Don't Blame Bettman: Scoring Down In NHL, Every Other Major Hockey League

CHICAGO - MAY 03: Commissioner Gary Bettman of the National Hockey League speaks at a press conference before the Chicago Blackhawks take on the Vancouver Canucks in Game Two of the Western Conference Semifinals during the 2010 NHL Stanley Cup Playoffs at United Center on May 3, 2010 in Chicago, Illinois. (Photo by Jonathan Daniel/Getty Images)

Scoring is down across the NHL and the popular response is to blame Gary Bettman. SB Nation's Derek Zona explains why this isn't just an NHL problem, and thus, why Bettman is not the problem.

Brother, can you spare a goal?

It's fashionable to blame Gary Bettman for the collapse of goal-scoring in the NHL since he took the job as Commissioner in 1993.  It's fashionable, but wrong.

NHL scoring rates peaked in 1980, then started a downward trend that lasted until the lockout in 2004.  Rules changes were implemented during the lockout and shortly thereafter that were supposed to increase scoring in the NHL.

And it worked, albeit briefly. 

Though scoring was up in the power play-filled 2005 season, rates again began sliding downwards in 2006. Thousands of words have been devoted to the topic blaming culprits like the neutral zone trap, the left wing lock, goaltender equipment, widened shin pads, expansion, goalies playing the puck, the New Jersey Devils, lack of rules enforcement, increased goalie size, increased defender size, the butterfly and of course, Gary Bettman. 

But Bettman, Colin Campbell and Bill Daly are in control of only one major professional league.  What about the rest? The line graph below traces per game scoring rates for the four major professional leagues over the last thirty-five years.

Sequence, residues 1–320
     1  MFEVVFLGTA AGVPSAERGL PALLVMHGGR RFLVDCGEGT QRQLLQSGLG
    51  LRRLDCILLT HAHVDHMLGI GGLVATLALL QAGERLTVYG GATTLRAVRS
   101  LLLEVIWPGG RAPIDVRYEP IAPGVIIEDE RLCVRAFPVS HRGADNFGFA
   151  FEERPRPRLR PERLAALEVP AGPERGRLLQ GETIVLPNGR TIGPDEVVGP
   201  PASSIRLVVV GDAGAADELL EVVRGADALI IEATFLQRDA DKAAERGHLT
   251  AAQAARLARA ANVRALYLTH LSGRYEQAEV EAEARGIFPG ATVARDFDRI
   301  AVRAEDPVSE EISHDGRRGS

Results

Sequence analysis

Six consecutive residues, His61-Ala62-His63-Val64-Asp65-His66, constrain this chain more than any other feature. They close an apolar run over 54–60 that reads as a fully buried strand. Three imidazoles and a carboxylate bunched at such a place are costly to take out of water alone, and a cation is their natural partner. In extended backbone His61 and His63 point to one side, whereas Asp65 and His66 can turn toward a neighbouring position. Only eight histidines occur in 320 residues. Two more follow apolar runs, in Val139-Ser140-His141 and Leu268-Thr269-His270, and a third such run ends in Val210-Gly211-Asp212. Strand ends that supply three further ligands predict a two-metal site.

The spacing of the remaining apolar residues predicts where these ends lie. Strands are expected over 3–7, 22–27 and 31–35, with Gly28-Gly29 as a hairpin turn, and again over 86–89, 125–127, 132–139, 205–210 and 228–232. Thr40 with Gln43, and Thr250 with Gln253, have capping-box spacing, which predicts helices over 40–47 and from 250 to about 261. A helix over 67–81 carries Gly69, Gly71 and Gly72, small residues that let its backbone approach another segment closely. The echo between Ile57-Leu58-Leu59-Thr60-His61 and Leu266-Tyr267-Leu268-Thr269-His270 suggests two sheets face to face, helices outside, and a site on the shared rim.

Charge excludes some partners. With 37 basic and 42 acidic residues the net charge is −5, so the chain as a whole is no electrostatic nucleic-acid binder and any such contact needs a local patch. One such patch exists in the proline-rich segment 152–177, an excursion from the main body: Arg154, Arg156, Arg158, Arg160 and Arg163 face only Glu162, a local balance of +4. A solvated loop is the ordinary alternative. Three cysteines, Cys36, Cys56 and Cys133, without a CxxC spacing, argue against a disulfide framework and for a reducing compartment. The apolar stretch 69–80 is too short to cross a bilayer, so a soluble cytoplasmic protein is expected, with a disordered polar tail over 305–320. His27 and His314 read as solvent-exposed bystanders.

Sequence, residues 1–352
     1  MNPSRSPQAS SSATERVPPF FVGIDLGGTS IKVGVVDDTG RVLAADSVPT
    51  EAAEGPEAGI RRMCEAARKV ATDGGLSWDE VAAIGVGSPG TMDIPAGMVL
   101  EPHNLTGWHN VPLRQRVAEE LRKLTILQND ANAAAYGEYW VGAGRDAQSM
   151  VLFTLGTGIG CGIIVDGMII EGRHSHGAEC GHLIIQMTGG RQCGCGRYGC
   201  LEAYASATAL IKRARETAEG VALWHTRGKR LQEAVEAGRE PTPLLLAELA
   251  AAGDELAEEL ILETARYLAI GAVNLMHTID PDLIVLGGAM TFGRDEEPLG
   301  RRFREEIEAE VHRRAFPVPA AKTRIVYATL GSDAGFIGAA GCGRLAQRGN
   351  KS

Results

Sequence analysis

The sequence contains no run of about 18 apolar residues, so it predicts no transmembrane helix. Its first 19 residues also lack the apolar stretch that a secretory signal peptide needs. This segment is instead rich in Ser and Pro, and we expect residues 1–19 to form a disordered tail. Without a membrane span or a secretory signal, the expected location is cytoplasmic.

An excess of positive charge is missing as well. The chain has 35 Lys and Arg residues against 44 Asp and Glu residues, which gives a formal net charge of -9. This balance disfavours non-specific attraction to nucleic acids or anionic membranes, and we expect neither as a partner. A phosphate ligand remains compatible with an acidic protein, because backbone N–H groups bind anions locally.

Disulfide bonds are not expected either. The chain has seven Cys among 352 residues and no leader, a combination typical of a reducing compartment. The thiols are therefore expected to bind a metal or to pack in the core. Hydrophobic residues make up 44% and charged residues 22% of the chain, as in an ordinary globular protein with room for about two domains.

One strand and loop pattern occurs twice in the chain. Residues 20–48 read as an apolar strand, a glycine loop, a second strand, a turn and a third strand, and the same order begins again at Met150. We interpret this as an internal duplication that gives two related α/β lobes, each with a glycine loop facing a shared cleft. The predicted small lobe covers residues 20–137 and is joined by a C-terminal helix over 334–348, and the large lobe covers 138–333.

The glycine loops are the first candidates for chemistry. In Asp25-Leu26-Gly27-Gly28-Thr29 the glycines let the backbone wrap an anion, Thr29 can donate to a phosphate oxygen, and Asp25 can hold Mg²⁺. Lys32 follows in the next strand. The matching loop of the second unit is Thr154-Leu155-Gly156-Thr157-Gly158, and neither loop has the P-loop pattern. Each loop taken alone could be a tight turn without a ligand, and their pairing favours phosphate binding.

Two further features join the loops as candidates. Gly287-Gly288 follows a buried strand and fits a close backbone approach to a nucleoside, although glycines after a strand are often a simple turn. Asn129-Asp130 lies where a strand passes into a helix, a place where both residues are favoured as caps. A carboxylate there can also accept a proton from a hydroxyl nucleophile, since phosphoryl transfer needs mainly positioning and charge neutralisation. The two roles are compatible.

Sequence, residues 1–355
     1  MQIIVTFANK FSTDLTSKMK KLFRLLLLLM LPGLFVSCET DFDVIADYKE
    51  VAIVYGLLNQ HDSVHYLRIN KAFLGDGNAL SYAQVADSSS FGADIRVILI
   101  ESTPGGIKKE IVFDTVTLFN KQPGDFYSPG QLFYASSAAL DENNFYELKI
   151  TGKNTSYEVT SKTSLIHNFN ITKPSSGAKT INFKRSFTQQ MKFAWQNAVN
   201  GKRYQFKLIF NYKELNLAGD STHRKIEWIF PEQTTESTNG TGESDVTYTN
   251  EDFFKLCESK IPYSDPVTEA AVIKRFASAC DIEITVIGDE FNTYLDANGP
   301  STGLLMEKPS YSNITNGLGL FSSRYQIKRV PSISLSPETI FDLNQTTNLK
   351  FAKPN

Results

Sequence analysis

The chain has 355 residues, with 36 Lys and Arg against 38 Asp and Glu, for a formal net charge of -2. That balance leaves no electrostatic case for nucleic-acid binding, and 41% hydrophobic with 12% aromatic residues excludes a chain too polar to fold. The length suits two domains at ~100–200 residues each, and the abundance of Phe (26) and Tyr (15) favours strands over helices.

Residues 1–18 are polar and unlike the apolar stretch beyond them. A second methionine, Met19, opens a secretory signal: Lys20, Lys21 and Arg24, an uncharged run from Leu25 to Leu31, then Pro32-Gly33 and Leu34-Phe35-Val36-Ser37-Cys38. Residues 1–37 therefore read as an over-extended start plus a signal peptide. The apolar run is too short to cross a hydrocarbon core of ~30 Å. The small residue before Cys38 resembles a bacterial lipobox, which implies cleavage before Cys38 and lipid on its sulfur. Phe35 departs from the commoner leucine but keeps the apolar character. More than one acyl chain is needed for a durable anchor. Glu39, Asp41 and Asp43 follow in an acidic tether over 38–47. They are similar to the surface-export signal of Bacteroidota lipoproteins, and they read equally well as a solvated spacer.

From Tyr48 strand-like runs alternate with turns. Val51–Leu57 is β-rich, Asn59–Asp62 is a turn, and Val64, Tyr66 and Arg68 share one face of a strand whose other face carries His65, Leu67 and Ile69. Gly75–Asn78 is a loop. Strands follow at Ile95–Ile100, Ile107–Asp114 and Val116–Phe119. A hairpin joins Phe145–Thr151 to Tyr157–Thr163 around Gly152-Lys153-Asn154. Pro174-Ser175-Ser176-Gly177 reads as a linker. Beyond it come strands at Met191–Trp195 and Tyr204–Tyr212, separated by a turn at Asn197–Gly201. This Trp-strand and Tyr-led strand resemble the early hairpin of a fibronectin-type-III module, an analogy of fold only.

Click to enlarge.

Raise your hand if you knew that the NHL is currently the highest-scoring major professional hockey league. 

The SM-Liiga, once the high-scoring league, saw rates peak in 1978 and fall nearly 50 percent. The Swedish Elite League peaked in 1975, the KHL/Russian Super League peaked in 1975.  Though rates have finally leveled off over the last five years, and actually increased in Russia, the downward trend over the entire time frame is obvious.

It's also interesting to note the convergence of the scoring rates between the four leagues.  Over the last three years, SEL teams have averaged 2.70 goals per game, the SM-Liiga 2.72, the KHL 2.70 and the NHL 2.85. The last three seasons represent the closest the four-league scoring rates have been in the last thirty-five years. 

Scoring is down all around the world, even on the big sheets of ice, and for that Gary Bettman can't be blamed.  Scoring champions in all leagues are well off of previous highs and goaltender salaries have ballooned as their goals against averages have plummeted.

While some, like the face of Hockey Night In Canada, might enjoy the collapse of goal scoring and relish the 2-1 clutch and grab struggle, it's goal-scoring that brings fans to the gates. It's something for the NHL to consider as nearly one-third of the league struggles with attendance and the entire league struggles with television ratings.

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